April 2014 - Over the years, the Ontario Human Rights Commission (OHRC) has taken steps to address discrimination because of gender identity. In 1999, the OHRC released “Toward a Commission Policy on Gender Identity” for public comment. In 2000, the OHRC released its first Policy on discrimination and harassment because of gender identity, taking the position that the ground of “sex” could be interpreted to include gender identity. Following the release of this policy, the OHRC continued to call for explicit recognition of gender identity as a protected ground in Ontario”s Human Rights Code.
‘Gender expression’ refers to the external attributes, behaviour, appearance, dress, etc., by which a person expresses themselves and through which others perceive that person’s gender.
 Trans Lobby Group Fact Sheet http://translobbygroup.ca/?q=content/bill-c-279-fact-sheet
April 2014 - People who are transgender, or gender non-conforming, come from all walks of life. Yet they are one of the most disadvantaged groups in society. Trans people routinely experience discrimination, harassment and even violence because their gender identity or gender expression is different from their birth-assigned sex. Under the Ontario Human Rights Code (the Code) people are protected from discrimination and harassment because of gender identity and gender expression in employment, housing, facilities and services, contracts, and membership in unions, trade or professional associations.
Recent references to a transgender person in a column and in letters to the editor are of concern to the Ontario Human Rights Commission, because they advance some common misinformation that has caused serious harm to the transgender community.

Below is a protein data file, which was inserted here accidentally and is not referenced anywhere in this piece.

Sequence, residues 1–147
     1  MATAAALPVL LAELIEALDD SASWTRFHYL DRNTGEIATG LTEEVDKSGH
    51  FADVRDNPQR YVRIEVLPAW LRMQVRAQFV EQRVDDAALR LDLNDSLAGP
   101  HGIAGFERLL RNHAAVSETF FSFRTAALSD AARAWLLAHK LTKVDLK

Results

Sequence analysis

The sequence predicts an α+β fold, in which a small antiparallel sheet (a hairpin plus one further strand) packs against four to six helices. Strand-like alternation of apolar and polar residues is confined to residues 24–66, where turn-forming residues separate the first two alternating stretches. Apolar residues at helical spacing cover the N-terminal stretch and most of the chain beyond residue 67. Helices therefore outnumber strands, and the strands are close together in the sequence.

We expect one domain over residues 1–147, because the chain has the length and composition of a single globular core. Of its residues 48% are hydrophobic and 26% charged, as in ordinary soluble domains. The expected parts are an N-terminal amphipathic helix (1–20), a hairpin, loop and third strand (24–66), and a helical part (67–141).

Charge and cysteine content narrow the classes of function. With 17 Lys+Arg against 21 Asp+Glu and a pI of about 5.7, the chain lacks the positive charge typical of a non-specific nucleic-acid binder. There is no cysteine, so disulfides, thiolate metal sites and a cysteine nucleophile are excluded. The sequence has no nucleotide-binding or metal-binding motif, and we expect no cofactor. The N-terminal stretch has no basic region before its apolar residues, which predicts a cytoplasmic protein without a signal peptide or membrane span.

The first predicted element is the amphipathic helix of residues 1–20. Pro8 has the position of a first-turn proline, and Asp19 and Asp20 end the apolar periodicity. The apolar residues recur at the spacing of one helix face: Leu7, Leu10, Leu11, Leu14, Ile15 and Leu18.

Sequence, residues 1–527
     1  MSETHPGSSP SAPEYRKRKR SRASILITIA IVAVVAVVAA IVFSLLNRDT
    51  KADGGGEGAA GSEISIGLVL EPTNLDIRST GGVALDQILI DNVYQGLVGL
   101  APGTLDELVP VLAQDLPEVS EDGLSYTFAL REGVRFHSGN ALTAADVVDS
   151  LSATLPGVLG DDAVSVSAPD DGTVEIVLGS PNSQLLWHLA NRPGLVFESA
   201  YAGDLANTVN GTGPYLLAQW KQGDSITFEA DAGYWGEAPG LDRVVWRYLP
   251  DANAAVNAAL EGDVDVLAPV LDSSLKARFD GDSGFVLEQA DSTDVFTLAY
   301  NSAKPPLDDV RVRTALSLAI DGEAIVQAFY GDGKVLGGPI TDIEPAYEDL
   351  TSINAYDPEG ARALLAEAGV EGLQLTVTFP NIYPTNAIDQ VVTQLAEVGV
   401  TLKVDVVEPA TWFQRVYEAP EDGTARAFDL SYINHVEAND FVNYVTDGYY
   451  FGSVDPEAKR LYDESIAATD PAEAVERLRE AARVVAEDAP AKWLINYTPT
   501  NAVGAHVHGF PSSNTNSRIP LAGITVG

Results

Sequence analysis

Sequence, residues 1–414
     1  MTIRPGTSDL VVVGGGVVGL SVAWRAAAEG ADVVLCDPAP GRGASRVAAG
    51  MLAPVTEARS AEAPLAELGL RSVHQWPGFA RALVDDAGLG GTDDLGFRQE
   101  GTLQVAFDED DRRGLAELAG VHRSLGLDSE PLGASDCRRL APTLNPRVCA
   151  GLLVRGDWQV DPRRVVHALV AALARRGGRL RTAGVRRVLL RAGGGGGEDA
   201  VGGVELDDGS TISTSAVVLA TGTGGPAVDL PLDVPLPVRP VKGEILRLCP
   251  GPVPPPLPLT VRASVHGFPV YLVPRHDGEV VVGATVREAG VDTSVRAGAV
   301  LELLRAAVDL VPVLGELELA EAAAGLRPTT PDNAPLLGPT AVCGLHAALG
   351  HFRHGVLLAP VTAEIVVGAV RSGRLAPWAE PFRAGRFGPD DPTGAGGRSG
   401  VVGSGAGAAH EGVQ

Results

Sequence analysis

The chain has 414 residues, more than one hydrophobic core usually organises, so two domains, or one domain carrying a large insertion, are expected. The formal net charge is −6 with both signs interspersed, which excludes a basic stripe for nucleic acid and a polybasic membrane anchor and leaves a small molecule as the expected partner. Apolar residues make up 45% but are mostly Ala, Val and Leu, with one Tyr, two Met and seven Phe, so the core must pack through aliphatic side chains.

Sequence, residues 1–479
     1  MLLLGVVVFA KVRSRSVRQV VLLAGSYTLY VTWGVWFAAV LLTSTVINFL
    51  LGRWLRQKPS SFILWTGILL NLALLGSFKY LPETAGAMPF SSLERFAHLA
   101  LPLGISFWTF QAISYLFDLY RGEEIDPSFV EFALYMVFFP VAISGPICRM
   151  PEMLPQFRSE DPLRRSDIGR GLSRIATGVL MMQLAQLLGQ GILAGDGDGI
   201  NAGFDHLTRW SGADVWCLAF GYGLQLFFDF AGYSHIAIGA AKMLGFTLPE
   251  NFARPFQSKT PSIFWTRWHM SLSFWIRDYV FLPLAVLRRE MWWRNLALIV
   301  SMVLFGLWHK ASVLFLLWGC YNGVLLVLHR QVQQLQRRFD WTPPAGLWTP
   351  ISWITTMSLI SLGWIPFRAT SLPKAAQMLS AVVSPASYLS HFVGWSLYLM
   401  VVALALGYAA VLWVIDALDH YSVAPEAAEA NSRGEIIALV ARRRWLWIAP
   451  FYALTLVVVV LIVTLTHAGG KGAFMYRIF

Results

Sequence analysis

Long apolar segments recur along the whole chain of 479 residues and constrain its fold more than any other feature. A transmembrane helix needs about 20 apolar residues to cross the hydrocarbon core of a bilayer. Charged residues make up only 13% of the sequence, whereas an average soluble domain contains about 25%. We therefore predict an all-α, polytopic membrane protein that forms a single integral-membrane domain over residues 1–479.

In 2000, the Ontario Human Rights Commission (OHRC) released a policy on gender identity and human rights, taking the position that the ground of sex could be used to protect transgender people from discrimination and harassment. The OHRC also called for an amendment to the Ontario Human Rights Code (the Code) to add “gender identity” as a prohibited ground of discrimination and harassment.
May 2013 - Sexual harassment is a form of discrimination based on sex. The Ontario Human Rights Code (the Code) prohibits all forms of discrimination based on sex, and includes provisions that focus on sexual harassment. The principles set out in this policy will, depending on the circumstances, apply to instances of sexual harassment in any of the social areas covered by the Code. However, to reflect the most important recent developments in the law and in social science research, this policy will focus on the areas of employment, housing and education.
Toronto – A new survey launched today by the Ontario Human Rights Commission (OHRC) asks for public input on definitions for the new grounds of “gender identity” and “gender expression” that were added in June 2012 as grounds of discrimination under the Code.
In the Ontario Human Rights Code (the Code), sexual harassment is “engaging in a course of vexatious comment or conduct that is known or ought to be known to be unwelcome.” In some cases, one incident could be serious enough to be sexual harassment. Gender-based harassment is one type of sexual harassment.
The Ontario Human Rights Code says everyone has the right to be free from sexual harassment by their landlord, someone working for their landlord, or someone who lives in the same building. Because landlords are in a position of authority, and have access to apartments and often hold personal information, tenants can feel very threatened when they are sexually harassed. This may be especially true for low-income, racialized, gay and lesbian people, people with disabilities and other people identified by the Code who are sometimes targeted for sexual harassment.
As a student, you have the right to an education where you are not sexually harassed. This includes primary, secondary and post-secondary education, and school activities such as sports, arts and cultural activities, field trips and tutoring.